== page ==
The careful and systematic study of any one of the chronic convulsive disorders is certain to throw much light on all. The problem of discovering their nature and pathology must rest largely in the future on the correlation of such studies. The gradual change of the location of the lesion of convulsive diseases from the muscle, peripheral nerve, medulla and basal ganglia to that of the cerebral cortex has been brought about largely through detailed studies on isolated cases.
It is of particular interest to note that much of the newer work on the pathology of many so-called functional disorders, such as epilepsy, chorea, convulsive tics, myoclonies and the like, brings them more nearly to a common pathology and pathogenesis; that is, to an organic basis with a definite cortical lesion, degenerative in type. This has been well shown in the work of Clark and Prout1 on status epilepticus,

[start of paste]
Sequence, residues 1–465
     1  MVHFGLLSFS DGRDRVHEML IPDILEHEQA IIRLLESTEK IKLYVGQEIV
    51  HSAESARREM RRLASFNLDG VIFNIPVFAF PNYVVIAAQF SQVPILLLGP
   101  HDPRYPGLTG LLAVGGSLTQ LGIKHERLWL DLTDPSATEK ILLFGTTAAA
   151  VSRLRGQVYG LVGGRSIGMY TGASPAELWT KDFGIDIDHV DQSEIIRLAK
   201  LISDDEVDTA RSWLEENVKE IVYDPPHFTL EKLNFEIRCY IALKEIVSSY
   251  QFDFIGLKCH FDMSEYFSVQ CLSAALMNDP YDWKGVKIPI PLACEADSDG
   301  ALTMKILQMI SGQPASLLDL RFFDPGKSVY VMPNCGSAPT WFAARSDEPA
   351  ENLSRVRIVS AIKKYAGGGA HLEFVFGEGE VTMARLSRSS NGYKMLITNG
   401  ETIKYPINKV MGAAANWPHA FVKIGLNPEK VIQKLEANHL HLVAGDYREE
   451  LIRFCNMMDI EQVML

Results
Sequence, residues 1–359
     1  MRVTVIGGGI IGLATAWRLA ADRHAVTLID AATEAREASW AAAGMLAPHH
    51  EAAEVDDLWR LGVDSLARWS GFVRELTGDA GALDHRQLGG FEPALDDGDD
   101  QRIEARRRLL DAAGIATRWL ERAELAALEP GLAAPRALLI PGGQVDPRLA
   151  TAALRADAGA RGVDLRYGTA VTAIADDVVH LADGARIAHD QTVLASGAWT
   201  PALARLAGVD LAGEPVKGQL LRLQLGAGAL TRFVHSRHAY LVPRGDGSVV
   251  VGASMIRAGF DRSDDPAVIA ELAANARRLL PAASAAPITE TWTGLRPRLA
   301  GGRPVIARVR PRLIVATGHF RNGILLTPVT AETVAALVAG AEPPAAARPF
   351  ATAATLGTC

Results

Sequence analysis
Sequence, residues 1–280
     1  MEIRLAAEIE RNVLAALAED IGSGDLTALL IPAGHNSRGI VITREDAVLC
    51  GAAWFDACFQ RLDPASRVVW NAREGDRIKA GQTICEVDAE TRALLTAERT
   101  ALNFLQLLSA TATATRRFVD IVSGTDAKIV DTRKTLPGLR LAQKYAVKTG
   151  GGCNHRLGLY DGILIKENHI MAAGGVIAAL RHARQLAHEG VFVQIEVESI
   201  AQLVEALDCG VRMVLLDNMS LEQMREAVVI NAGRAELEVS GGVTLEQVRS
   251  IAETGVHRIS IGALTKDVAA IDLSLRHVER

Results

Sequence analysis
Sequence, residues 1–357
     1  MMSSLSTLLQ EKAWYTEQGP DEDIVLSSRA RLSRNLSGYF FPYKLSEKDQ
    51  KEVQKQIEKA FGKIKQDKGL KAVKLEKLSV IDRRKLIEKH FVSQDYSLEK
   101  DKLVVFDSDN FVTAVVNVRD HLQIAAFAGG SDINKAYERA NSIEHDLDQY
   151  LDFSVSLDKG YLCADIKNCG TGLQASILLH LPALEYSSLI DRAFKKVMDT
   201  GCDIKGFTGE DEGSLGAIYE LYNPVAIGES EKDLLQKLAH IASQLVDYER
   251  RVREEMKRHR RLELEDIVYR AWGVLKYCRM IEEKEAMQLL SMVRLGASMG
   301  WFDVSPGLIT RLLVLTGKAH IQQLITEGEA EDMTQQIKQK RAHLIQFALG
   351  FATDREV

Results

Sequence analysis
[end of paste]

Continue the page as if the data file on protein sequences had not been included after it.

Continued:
THE PATHOLOGY OF CONVULSIVE DISORDERS. JAMA. 1902;XXXIX(24):1527–1528. doi:10.1001/jama.1902.02480500033004
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